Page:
Just planted a 2 gallon knockout rose. Have question.

lovetogrowflowers(8)May 18, 2014

I always seem to mess up when I'm trying to be so careful. I dug my hole, mixed in some good potting soil with native soil, a little bone meal. So as I was backfilling, I noticed that it wasn't sitting like I wanted it. I dug up some of the soil, thought I had dug enough, :-( and turned it......guess what?

I heard a tearing sound. Like maybe the bottom didn't turn with the rest, :-( and I literally, just an hour ago 10pm, lmbo put it in the ground. I get something on my mind and I have to do it.

So, I'm thinking the roots probably shifted. I'm new to gardening and thinking that it's $15 down the drain, that I've probably killed it. I'm already wanting to dig it up and put a new one there.

But before I do that I wanted to ask, if indeed the roots did shift, what can I expect to see as far as the rose goes, damage wise, or drooping, discoloration, etc, anything? This is the first rose if ever purchased and I feel like I did a great job, nice place I chose, good sized hole, but messed up and caused the roots to shift, by trying to turn it.

What, if any damage have I caused, and what should I do to correct it? Will I notice any signs by looking at the plant in the days to come? How long till those feeder roots grow back, and what should I look for and or do should I see any signs of shock?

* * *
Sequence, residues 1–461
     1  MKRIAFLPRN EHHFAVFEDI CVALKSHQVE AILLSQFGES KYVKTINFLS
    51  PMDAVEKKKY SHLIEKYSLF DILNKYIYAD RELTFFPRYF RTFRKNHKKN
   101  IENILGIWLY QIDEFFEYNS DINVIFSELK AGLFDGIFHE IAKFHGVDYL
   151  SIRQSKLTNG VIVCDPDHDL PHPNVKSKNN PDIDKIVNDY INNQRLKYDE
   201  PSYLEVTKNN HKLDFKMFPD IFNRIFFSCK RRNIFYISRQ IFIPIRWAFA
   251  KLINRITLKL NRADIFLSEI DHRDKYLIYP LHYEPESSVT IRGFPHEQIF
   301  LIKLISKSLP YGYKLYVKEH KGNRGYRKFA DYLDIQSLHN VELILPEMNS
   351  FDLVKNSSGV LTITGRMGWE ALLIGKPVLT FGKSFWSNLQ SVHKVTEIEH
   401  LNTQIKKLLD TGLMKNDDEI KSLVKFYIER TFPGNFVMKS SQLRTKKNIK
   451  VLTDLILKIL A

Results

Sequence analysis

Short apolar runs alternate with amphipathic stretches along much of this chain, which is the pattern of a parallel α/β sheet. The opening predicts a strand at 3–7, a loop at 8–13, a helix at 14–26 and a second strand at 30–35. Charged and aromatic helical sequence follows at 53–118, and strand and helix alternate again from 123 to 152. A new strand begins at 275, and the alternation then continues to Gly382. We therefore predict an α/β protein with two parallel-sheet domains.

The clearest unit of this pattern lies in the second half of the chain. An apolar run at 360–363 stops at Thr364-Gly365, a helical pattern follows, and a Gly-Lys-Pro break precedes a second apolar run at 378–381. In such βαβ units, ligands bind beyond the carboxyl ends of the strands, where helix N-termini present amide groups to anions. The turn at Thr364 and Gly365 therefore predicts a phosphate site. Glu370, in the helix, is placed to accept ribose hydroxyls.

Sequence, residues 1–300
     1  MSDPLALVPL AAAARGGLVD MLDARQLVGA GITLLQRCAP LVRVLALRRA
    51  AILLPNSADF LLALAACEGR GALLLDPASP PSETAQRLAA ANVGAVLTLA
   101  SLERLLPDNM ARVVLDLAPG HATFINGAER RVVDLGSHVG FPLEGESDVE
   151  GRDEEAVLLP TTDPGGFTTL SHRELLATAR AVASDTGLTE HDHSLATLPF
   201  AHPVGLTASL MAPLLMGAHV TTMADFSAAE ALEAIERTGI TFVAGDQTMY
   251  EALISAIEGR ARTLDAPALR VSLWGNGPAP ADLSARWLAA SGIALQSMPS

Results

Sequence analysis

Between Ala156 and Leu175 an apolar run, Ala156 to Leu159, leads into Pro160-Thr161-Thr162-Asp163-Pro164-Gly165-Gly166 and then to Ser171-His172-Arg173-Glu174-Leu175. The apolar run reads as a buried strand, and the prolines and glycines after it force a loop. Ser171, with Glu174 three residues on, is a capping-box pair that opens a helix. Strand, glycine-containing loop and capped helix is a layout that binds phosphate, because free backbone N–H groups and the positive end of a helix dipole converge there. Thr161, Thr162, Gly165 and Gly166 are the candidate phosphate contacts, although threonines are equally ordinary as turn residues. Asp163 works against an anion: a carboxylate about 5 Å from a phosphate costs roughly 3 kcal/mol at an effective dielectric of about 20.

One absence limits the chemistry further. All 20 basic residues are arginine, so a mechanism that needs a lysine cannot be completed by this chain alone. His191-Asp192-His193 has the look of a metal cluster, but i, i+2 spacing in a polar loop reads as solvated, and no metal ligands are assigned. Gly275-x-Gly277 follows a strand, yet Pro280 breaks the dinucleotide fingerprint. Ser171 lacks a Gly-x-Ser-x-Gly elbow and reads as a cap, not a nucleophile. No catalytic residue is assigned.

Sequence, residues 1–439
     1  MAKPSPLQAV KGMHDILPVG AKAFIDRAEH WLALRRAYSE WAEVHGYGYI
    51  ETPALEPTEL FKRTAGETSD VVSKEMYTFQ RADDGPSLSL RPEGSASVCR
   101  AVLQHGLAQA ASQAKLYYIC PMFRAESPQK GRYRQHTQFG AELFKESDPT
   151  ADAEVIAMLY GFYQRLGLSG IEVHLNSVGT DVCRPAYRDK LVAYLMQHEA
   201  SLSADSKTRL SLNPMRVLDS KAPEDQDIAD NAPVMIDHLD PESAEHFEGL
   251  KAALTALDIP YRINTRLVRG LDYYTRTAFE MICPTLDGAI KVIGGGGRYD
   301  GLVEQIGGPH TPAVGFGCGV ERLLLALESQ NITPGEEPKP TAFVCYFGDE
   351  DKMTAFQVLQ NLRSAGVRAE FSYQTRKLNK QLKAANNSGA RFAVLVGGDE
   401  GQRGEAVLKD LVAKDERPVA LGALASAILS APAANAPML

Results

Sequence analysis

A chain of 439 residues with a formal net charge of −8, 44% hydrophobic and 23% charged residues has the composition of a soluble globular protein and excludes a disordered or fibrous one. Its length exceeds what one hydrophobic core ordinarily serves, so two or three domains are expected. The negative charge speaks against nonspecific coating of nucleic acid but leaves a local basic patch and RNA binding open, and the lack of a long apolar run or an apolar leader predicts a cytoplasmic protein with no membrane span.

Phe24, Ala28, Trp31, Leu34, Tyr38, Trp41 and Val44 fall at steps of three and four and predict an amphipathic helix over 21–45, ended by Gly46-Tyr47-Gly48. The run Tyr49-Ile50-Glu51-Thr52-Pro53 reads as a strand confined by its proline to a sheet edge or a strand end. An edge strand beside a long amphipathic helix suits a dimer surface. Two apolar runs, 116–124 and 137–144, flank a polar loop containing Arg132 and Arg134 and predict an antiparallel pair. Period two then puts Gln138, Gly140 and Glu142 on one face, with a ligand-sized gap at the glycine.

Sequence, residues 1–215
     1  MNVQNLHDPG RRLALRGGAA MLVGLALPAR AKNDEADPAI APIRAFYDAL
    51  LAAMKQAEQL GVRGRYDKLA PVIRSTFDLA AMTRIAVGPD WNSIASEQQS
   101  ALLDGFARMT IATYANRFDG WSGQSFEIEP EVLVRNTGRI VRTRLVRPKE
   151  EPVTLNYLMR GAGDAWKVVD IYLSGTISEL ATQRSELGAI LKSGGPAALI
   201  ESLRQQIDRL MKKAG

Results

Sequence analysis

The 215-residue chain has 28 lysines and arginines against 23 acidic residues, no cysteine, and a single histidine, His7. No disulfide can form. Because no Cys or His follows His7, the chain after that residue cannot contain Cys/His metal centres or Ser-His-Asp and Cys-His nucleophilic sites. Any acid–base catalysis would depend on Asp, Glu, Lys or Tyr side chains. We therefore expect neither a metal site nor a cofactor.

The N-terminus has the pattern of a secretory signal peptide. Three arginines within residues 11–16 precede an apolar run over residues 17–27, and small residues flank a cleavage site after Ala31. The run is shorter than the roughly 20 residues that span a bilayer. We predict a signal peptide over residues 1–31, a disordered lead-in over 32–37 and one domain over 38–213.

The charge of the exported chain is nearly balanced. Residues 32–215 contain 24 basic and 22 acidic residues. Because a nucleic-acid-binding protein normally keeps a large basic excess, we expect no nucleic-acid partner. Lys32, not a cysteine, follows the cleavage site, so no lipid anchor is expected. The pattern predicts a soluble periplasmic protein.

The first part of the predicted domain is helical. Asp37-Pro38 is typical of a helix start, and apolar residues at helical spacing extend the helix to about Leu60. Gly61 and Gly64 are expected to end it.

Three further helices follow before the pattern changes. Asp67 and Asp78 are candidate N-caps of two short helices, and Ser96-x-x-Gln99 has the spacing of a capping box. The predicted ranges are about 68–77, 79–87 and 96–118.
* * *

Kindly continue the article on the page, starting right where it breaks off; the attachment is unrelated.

Thank you all so very much.

Thank you for reporting this comment. Undo
mzstitch(Zone 7b South Carolina)

Don't stress. I'm not quite understanding what you heard, but if you did damage the root system some its likely it will just be a bit slower getting settled. Keep it watered, but don't overwater make sure the area is draining well, and I would suggest some kind of a mulch to keep moisture from escaping long term. If anything I would suspect a bit of wilting but thats just a guess, I'm betting on it being just fine.

    Bookmark   May 19, 2014 at 7:18AM
Thank you for reporting this comment. Undo
seil zone 6b MI

It'll be fine. Some rose producers ship out roses called bare roots and those are just the thicker roots with none of the small feeder roots attached. The roses still survive. As mzstitch said, it will just take it a while to regrow any roots it lost so it may not show much growth up top for a bit. But they catch up quick and I'm sure your's will be growing again in no time!

    Bookmark   May 19, 2014 at 10:30AM
Thank you for reporting this comment. Undo
kidhorn(7a MD)

Keep an eye on the rose. If it starts wilting, make sure the soil is drenched and consider chopping off much of the top growth. Better to lose some growth than the entire rose.

    Bookmark   May 19, 2014 at 2:53PM
Sign Up to comment
More Discussions
Before you order...
I have been propagating a lot of roses this past year,...
Mrs. B. R. Cant
Here are some cuttings of MBRC I started in November,...
Looking forward to SPRING FLUSH!
The past couple of weeks my rose bushes have begun...
Done with Michigan Bulb forever.
I feel like an idiot. The "Dark Dragon"...
Holly Kline
Does this Alfalfa Tea look right?
The first picture is the tea trying to bubble up through...
© 2015 Houzz Inc. Houzz® The new way to design your home™